Plans for a £700,000 revamp of one of the county’s historic landmarks have been unveiled.
The National Trust aims to build a new visitor centre at the birth place of Dorchester ’s most famous son Thomas Hardy.
The aim of the Heritage Lottery Fund bid is to boost visitor facilities at Hardy’s Cottage at Higher Bockhampton, near Dorchester.
The National Trust has lodged the bid with Dorset County Council.
It aims to build the centre a short distance away from the property on the edge of nearby Thorncombe Woods.
Dorchester town crier and tourist guide Alistair Chisholm welcomed the plans.
He said: “I am delighted that the National Trust is planning to do this.
“I am totally supportive of it.”
He said that it was important that the complex had toilets as well as educational facilities.
Mr Chisholm also stressed the importance of Thomas Hardy as the gateway to everything that Dorchester and Dorset has to offer.
He said that Hardy covered everything in the course of his writings, from prehistory onwards.
He added: “This visitor centre can only be a good thing.
“Visitors contribute highly to our local economy.”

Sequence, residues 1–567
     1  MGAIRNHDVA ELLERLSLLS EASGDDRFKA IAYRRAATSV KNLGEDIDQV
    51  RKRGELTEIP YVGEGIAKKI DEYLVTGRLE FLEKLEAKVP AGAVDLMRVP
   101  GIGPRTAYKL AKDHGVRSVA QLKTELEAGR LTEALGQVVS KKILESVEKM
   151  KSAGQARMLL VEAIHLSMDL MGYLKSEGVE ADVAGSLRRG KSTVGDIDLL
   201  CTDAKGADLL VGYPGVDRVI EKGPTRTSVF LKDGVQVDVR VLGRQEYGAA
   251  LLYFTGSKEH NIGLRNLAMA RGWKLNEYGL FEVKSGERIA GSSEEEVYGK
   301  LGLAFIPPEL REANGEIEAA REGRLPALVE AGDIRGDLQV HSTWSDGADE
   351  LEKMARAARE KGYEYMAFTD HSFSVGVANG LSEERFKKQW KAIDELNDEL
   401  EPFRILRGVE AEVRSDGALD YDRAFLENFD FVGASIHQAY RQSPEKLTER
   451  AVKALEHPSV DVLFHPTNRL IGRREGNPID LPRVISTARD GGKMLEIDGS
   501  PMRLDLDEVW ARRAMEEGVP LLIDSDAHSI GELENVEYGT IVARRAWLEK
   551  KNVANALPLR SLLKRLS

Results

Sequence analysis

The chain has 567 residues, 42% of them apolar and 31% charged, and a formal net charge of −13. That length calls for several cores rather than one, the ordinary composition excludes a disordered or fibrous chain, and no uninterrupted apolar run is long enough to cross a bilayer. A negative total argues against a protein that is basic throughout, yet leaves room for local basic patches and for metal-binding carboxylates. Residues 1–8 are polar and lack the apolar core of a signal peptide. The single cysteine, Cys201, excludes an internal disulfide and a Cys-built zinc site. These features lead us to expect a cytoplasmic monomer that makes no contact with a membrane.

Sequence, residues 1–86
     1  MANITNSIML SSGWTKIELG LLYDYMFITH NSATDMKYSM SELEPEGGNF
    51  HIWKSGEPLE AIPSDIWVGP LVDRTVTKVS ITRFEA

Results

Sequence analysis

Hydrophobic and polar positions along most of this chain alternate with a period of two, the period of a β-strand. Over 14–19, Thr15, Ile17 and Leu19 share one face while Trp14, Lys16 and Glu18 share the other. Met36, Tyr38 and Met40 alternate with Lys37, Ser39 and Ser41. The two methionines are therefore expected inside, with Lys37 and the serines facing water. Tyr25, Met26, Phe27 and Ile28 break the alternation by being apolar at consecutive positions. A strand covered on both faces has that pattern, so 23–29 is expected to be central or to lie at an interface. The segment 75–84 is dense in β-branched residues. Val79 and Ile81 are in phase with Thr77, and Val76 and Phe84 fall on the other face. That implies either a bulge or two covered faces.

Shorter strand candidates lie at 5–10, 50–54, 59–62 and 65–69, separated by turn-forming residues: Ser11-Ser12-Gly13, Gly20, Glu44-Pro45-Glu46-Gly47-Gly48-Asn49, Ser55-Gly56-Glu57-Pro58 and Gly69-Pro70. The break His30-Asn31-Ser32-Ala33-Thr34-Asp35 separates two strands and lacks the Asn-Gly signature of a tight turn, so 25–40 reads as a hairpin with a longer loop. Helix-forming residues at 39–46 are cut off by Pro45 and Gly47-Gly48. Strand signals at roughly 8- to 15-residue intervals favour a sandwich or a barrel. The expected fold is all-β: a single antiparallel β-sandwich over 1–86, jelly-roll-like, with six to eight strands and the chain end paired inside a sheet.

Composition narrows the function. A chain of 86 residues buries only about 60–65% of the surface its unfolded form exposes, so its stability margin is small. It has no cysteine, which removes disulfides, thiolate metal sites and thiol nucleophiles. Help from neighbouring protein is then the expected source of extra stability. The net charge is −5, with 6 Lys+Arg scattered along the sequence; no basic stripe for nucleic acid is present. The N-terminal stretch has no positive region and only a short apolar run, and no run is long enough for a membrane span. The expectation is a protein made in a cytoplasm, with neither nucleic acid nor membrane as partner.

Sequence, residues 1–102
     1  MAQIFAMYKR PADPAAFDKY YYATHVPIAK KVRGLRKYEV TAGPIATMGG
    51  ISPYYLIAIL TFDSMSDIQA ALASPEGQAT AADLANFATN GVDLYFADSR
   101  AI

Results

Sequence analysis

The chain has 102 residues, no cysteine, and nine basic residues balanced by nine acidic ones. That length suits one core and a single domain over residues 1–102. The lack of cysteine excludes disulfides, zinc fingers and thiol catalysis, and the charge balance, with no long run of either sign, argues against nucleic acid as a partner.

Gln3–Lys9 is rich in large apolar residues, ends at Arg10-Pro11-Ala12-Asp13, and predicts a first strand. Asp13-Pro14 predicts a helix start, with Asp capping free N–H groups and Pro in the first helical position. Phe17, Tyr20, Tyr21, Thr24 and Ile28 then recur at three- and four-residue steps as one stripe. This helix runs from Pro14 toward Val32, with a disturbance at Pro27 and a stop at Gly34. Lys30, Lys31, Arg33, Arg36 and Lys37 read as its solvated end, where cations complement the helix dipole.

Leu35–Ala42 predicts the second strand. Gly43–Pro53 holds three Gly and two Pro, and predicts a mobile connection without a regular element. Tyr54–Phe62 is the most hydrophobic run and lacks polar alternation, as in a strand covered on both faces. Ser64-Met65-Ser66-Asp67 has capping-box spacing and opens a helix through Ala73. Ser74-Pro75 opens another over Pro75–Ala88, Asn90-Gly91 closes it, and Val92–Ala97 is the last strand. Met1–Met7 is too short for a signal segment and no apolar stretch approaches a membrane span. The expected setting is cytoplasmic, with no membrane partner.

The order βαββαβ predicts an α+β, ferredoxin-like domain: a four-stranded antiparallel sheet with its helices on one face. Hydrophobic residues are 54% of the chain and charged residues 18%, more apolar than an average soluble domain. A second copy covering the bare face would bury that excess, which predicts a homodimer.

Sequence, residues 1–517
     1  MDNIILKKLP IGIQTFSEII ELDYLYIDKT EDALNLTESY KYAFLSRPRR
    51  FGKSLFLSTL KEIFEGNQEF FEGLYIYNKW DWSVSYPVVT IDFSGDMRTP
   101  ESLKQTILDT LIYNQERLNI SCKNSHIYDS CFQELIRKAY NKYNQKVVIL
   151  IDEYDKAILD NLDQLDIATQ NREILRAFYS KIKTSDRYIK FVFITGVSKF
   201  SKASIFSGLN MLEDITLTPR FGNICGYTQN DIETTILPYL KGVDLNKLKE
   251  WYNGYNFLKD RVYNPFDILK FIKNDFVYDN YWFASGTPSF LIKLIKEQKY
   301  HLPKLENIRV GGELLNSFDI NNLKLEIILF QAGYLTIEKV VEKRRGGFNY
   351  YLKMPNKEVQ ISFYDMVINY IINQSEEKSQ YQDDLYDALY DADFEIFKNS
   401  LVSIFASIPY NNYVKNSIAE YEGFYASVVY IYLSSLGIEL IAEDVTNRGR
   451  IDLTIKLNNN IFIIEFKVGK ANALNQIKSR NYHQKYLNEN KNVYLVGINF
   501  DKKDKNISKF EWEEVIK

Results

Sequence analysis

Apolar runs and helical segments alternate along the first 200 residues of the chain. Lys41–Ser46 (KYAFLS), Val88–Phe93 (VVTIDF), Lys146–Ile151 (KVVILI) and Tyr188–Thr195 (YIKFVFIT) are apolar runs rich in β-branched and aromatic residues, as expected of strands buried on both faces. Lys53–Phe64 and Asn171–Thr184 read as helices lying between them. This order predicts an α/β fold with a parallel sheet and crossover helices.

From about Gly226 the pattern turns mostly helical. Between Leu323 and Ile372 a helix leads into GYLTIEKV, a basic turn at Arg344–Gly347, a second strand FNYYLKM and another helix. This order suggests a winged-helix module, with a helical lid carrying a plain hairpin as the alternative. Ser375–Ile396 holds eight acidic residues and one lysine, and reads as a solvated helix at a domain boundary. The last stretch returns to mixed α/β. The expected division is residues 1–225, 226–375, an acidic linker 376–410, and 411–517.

Mr Chisholm added that it would also bolster any ‘Hardy Country’ brand. The proposed centre is planned to be a short distance from Hardy’s Cottage so as not to affect its appearance and setting.
It is also proposed to include a cafe in the scheme.
The results of the bid are expected in the autumn.
The cottage was built by Hardy’s great-grandfather in 1800 and the writer was born there in 1840.
Hardy wrote his 1874 novel Far From the Madding Crowd at the property.
Hardy’s later home was Max Gate in Alington Avenue, Dorchester, where he lived from 1885 until his death in 1928.
He wrote much of Tess of the d’Urbervilles, Jude the Obscure and The Mayor of Casterbridge at Max Gate as well as much of his poetry.